I've read GWTW several times and watch the movie annually. I read and watched the SCARLETT sequel, too. To say I'm a GWTW fan is an understatement of monumental proportions. So, I can agree with most of the other reviewers, who ix-nayed this author and the book. I have to wonder, What are Margaret Mitchell's heirs thinking!!!??? And where was the author's editor??!!! The writing was choppy, the characters--who we didn't know and didn't care about--were just strewn about indiscriminately without development or description. Then McCaig suddenly changed voice to Mammy's, which was an improvement but it was too late as far as I'm concerned. If ever there was an example to young writers about what not to do, this would be it. I'm glad I found this book at the library. At least I didn't waste any money.
★ ★ ★ ☆ ☆
isaac kerry
Who can forget Scarlett O'Hara, Tara, and of course beloved Mammy. Ruth's Journey is a tale of Mammy.

Mammy was born in the Caribbean Islands, was the only survivor of an attack on her household, and made her way to Savannah with the Forniers. As their "child" she was treated well, but was sold to another family.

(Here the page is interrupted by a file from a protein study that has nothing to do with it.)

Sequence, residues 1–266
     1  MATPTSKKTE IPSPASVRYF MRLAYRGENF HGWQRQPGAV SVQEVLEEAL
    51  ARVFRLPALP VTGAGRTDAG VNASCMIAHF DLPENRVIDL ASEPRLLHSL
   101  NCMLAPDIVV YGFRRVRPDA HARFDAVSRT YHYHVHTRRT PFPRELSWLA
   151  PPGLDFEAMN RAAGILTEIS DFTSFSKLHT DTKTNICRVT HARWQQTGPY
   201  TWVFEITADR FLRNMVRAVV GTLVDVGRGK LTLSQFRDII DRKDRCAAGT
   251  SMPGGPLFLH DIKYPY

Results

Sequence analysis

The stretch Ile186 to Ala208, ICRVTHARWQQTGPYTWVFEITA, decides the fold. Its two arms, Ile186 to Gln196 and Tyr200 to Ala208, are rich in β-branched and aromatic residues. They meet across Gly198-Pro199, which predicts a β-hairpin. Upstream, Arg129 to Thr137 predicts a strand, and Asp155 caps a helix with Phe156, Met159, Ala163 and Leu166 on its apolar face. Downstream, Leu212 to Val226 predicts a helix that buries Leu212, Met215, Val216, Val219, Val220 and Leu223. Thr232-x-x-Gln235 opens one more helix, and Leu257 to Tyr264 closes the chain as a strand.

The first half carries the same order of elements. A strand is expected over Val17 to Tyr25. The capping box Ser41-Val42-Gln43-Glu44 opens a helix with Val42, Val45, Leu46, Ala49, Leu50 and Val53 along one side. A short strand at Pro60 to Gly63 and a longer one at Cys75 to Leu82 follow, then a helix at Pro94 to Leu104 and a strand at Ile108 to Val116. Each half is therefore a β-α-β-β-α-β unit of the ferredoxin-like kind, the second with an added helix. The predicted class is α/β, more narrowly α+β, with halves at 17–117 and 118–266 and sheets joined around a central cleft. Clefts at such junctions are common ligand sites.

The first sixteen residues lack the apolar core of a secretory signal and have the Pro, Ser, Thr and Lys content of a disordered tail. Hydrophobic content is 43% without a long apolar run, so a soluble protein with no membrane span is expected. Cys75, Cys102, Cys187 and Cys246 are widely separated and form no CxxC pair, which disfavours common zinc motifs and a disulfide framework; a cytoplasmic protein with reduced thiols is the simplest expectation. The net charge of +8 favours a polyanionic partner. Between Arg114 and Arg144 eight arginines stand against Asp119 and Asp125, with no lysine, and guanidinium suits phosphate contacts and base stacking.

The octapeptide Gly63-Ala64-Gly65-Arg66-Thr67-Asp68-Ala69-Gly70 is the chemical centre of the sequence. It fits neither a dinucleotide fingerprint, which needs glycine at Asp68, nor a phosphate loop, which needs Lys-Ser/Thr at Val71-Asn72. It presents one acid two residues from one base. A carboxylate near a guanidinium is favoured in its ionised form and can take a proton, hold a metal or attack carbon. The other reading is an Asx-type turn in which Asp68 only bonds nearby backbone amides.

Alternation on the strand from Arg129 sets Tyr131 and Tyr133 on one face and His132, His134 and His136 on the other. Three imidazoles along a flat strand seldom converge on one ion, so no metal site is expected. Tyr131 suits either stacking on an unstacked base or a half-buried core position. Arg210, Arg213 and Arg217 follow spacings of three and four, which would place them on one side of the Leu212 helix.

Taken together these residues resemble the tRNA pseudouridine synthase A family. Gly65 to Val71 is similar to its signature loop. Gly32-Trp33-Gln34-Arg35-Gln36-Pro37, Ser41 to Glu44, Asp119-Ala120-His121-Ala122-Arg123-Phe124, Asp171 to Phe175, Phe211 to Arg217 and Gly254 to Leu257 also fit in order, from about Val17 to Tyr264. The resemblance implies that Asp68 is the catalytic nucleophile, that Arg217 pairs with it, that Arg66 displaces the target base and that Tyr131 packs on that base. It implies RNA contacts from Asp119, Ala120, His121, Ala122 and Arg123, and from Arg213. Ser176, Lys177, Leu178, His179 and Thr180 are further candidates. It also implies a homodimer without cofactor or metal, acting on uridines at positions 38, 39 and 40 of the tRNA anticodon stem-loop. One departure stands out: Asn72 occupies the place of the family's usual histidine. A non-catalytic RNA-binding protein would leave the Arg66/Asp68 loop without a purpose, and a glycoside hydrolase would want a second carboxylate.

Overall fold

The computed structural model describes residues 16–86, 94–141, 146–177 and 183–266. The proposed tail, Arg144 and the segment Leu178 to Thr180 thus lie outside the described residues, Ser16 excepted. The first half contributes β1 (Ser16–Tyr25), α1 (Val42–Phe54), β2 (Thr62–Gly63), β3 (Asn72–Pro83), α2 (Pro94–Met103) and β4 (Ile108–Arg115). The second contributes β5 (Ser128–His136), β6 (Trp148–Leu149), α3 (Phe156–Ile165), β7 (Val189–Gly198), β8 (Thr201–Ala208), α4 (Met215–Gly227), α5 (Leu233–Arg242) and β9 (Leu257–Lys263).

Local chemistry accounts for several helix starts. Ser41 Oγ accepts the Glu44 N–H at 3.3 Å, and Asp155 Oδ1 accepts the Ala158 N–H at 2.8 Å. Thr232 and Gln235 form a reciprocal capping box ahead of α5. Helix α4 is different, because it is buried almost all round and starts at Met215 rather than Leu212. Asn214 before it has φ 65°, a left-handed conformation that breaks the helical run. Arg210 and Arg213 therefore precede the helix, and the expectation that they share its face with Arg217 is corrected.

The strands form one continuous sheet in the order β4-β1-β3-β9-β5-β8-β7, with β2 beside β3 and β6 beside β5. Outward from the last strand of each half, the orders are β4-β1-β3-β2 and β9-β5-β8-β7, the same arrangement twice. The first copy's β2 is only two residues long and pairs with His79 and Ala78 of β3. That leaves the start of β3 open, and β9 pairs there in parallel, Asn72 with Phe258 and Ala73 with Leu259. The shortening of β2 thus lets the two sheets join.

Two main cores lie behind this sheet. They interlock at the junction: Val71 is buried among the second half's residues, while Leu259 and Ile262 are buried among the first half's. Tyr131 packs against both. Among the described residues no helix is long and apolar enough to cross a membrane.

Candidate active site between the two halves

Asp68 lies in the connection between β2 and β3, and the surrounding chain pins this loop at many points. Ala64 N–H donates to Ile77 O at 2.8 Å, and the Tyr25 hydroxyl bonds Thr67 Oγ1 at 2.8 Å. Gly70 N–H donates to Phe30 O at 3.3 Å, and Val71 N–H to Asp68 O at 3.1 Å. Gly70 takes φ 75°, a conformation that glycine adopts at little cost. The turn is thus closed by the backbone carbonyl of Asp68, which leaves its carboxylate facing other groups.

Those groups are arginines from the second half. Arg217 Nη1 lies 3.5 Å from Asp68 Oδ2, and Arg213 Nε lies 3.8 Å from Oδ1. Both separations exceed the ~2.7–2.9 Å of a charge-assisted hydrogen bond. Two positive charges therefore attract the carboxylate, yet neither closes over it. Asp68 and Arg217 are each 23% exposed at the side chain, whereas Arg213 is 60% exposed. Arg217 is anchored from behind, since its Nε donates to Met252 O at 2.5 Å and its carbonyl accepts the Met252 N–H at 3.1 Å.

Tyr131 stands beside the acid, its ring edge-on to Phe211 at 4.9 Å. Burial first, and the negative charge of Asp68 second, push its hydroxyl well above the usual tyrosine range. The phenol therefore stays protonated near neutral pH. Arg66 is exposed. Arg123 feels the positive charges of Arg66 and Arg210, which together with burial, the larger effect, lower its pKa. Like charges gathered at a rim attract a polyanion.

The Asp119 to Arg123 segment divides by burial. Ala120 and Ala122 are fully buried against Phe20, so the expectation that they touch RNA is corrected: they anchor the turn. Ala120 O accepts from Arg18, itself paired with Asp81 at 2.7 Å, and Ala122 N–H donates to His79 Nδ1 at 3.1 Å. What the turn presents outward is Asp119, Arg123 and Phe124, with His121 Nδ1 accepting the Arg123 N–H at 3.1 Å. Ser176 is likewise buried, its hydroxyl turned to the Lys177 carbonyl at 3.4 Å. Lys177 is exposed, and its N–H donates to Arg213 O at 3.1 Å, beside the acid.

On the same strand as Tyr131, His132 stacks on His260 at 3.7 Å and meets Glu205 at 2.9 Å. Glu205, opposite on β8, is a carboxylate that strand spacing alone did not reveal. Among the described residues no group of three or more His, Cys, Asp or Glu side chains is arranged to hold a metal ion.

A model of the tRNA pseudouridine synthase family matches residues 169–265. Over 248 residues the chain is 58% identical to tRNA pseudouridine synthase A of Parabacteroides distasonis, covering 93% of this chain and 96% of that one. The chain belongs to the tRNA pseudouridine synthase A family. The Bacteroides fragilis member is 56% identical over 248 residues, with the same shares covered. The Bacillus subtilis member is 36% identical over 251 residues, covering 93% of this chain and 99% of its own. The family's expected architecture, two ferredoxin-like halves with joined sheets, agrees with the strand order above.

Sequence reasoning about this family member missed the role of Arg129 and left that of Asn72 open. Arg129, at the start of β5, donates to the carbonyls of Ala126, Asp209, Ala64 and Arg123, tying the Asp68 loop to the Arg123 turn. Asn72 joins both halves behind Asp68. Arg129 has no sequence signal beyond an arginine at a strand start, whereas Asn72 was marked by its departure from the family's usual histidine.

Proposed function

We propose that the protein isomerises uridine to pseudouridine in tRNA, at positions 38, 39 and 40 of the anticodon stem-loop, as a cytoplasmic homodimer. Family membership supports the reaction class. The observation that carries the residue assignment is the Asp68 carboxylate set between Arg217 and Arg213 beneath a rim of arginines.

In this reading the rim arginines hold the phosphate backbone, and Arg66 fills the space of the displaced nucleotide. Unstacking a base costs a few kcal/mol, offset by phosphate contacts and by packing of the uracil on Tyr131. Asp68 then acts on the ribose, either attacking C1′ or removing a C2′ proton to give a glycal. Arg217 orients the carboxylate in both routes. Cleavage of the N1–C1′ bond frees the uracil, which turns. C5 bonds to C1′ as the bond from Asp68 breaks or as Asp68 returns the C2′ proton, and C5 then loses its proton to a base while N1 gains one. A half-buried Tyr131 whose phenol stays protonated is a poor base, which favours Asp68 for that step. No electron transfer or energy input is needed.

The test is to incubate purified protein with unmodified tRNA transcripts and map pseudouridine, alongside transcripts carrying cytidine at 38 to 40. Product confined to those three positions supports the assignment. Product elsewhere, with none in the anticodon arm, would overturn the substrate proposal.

Mammy Ruth moves from one famous Southern family's ​home to another as we the reader follow her and find out what made Mammy the mammy she was. There are many happy situations, but there are also many sad ones.​ The O'Haras are mentioned throughout the book ​and,​ of course​,​ that is where ​Mammy ends up.

RUTH'S JOURNEY was very well researched, but unfortunately difficult to follow and enjoy until the book was almost over.​

I loved GONE WITH THE WIND, but RUTH'S JOURNEY had something to be desired. It didn't get interesting until way into the book, and most specifically not until Mammy got to Tara with the O'Haras. Visualizing Tara and hearing chararacters' names from GONE WITH THE WIND made the wait worthwhile.

I enjoyed learning about Mammy, but RUTH'S JOURNEY wasn't a favorite read...it was a bit tedious even though the writing was outstanding.

You will love Mammy Ruth and feel sorry for her, and ​you will love learning about ​her strong will​ and her love and loyalty for the people she cared for and ​kept her going on through all her many losses. Mammy Ruth was an interesting person, and a character​ everyone most likely loved and will never forget especially in her dealings with Scarlett.​ ​ 3/5